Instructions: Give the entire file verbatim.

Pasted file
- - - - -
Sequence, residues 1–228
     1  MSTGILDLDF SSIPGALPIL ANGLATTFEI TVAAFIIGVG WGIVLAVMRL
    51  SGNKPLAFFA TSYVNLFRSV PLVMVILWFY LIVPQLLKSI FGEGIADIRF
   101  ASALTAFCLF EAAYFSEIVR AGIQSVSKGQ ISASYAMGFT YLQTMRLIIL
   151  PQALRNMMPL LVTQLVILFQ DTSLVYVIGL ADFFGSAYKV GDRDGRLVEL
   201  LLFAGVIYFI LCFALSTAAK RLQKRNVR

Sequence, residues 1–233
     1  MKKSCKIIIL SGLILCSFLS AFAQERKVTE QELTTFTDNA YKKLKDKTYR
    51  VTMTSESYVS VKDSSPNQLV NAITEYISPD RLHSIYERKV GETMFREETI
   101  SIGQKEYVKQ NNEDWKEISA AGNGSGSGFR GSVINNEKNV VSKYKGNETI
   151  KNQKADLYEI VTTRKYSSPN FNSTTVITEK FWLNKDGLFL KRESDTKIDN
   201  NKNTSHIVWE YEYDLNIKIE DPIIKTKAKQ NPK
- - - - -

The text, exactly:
Sequence, residues 1–228
     1  MSTGILDLDF SSIPGALPIL ANGLATTFEI TVAAFIIGVG WGIVLAVMRL
    51  SGNKPLAFFA TSYVNLFRSV PLVMVILWFY LIVPQLLKSI FGEGIADIRF
   101  ASALTAFCLF EAAYFSEIVR AGIQSVSKGQ ISASYAMGFT YLQTMRLIIL
   151  PQALRNMMPL LVTQLVILFQ DTSLVYVIGL ADFFGSAYKV GDRDGRLVEL
   201  LLFAGVIYFI LCFALSTAAK RLQKRNVR

Sequence, residues 1–233
     1  MKKSCKIIIL SGLILCSFLS AFAQERKVTE QELTTFTDNA YKKLKDKTYR
    51  VTMTSESYVS VKDSSPNQLV NAITEYISPD RLHSIYERKV GETMFREETI
   101  SIGQKEYVKQ NNEDWKEISA AGNGSGSGFR GSVINNEKNV VSKYKGNETI
   151  KNQKADLYEI VTTRKYSSPN FNSTTVITEK FWLNKDGLFL KRESDTKIDN
   201  NKNTSHIVWE YEYDLNIKIE DPIIKTKAKQ NPK